Spanish air traffic controllers’ announce four more stoppage days for July

Update 30 June: Following last month’s strike action, which had really very little effect thanks to minimal cover requirements imposed by the Government, ATC union USCCA has announced increased stoppages in July. Strike action will take place on 11 & 12, and 25 & 26 July, between 10am and 1pm on the 11th and 25th, and between 5pm and 8pm on the 12th and 26th.

Update 4 June: The Tenerife Cabildo has advised of THIS update from ABTA concerning the stoppages as follows:

The ABTA Destination Services team has learnt that Spanish Air Traffic control have notified of their intention for strike action on four dates 8, 10, 12 and 14 June.

We understand that the strike action will be for 4 hours per day and will be conducted in 2 hour slots –  2 hours in the morning and 2 hours in the afternoon believed to 0800-1000UTC and 1600-1800UTC   ( 0900 11.00 and 17.00 – 19.00 UK  time) on the dates specified however the exact timing are yet to be confirmed.

Negotiations are ongoing between ENAIRE, who are responsible for air traffic management and control, and for the communication, navigation and surveillance networks in Spain and USCA the Spanish ATC Union.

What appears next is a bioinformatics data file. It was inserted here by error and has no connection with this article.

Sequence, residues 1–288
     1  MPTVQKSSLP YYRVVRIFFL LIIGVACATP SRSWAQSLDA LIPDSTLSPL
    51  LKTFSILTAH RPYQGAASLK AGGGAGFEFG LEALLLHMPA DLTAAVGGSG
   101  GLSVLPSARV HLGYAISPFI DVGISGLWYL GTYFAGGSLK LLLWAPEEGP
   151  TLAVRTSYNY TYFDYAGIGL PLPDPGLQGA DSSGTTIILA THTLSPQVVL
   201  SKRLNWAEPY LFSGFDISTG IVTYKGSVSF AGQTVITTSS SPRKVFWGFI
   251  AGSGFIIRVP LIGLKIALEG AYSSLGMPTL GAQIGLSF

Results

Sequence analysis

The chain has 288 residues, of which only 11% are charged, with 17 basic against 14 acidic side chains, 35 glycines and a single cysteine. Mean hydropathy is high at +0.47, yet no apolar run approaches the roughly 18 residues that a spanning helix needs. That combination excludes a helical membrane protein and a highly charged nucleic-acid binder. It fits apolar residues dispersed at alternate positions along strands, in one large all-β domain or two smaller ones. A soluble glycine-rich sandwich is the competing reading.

The likely impact of the strike action is unclear at this stage and as a precaution members are advised to liaise with their airlines to establish potential impacts on their flight programmes should the proposed strike action take place.

The ABTA Destination Services team will continue to monitor the situation and circulate more details as more information becomes available.

Original post 28 May: Spanish air traffic controllers’ union USCA has issued a strike notice for next month as a response to fines and temporary suspensions of ATC operatives for calling wildcat strikes in 2010. The industrial action is likely to have some effect on travellers to and from the Canaries, mainly delays rather than cancellations because the “strike” is actually a series of short stoppages on 8, 10, 12 and 14 June for just two hours at a time. None the less, travellers will hope that, as often happens, the summer strikes will be called off at the last minute.

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